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Project Well

Field observations of alternate sources of drinking water in the arsenic affected village,
Kamdebkathi, in West Bengal, India, and recommendations
(Prepared by: Meera M Hira Smith, Ph.D. Project Well, March 27, 2004)

The overall findings of Project Wells five dugwell monitoring program from August 2002 to
July 2003 were commendable. The findings were presented at the international conference
organized by the Dhaka Community Hospital in Dhaka in February 2004. The abstract is
available at <http://www.projectwellusa.org/articles/followupabstract2004.htm>.
Observations
A) Picture 1 shows dugwell number PW7, (Latitude
22.807, Longitude is 88.732) located in the village of
Kamdebkathi containing the annual average of arsenic level
as 0.012 g/L. Picture 2 shows one of the arsenic removal
filters in the vicinity of PW7 that contains an arsenic level
of 94 g/L and another filter located in between the two
contains an arsenic level of 103 g/L (Table 2).
Picture 1: #PW7/KDK5, Kamdebkathi

Table 2: Measurements of Arsenic and Iron of the arsenic removal plants.


(Source: SOES, Jadavpur University, December 2003)
Village

Identification Depth of Type of


mark
tubewell treatment
(ft)
plant

Arsenic Concentration in
tubewell water

Iron Concentration in tubewell


water

before
after treatment before
after
treatment (raw (filtered water) treatment (raw treatment
(filtered
water) g/L g/L
water) g/L
water) g/L
Beside the Shop of Swasti
Charan Nath at Mogra
Bazar, Kamdebkati

250

Beside Mogra F. P. School, 450


Kamdebkati

B. E.
College

123

94

2352

1281

Pal
Trockner

122

103

1470

3444

Picture 2: Arse
Picture 2: Arsenic Removal Filter
Mogra Bazar, Kamdebkathi

Picture 3: Arsenic Removal Filter


Mogra F.P School, KDK

Project Well
B). Inspite of NINE awareness programs held by Project Well and LKP, covering a small area,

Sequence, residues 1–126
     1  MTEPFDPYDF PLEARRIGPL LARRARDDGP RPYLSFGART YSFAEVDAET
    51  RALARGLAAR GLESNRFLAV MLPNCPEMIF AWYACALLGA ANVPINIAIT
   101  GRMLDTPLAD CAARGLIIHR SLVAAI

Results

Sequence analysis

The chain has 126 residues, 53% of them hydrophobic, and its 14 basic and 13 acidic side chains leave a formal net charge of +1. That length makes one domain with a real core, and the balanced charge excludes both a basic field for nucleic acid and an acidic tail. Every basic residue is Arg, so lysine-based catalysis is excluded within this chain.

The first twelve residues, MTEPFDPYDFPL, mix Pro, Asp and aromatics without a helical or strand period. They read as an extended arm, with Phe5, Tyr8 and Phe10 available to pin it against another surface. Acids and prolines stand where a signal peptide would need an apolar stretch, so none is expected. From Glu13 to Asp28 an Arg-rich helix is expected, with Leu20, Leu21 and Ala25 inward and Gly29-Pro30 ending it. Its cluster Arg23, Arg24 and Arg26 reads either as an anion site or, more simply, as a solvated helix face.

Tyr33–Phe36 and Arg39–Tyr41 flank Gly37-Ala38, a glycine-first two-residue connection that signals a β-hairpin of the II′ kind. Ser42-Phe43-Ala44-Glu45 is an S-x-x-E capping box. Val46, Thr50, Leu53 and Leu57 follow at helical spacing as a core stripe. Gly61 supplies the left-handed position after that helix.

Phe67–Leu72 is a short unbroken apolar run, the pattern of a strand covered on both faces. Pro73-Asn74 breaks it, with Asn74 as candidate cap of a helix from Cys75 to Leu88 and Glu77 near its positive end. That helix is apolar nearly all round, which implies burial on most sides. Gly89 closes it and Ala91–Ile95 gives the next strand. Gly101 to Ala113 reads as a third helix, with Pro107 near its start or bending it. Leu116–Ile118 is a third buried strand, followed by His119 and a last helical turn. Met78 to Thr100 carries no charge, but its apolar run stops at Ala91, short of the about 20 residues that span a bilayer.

some of the dugwells are not being used as expected.
WHY?
1) Installation of too many options in the same area due to lack of coordination between NGOs
working in the villages and lack of proper planning
Picture 4 shows the location of the first dugwell,
#PW9, that was constructed in June 2001 near
the house of a victim, Mr. Nibash Ray. Mr. Ray
has lost his first wife to arsenic in June 1995 and
his son, Dhiman Ray died in 2002 at the young
age of 25 years. The then field workers of
Simulpur club who were given the work of
executing the project assigned by Project
Well/LKP suggested the site. Seven months
later, in January 2002, a deep tubewell was
installed within a distance of about 100 feet
from the dugwell #PW9. This resulted in the
drop in number of consumers instantly to one
family, Mr. Rays.

Distance between the different water options at Kamdebkathi


Deep tube well

(January 2002)

53 ft PW9/SMP1 (June 2001)


LOCATION
PW9/SMP1
Deep tube well
PW8/KDK7
PW1/KDK1
Aprobec filter
Flt at Ashish Halder

LATITUDE
LONGITUDE
22.82318
22.82324
22.81912
22.81666
22.81821
22.81707

88.73877
88.73860
88.73369
88.73325
88.73348
88.73398

PW8/KDK7 (June 2003)


370 ft

Aprobec filter (Dec 2003)


528 ft

Filter near Ashish Halder's house (2001)


PW1/KDK1 (June 2003)
317 ft

Scale 1:6000
Locations
Distance in Miles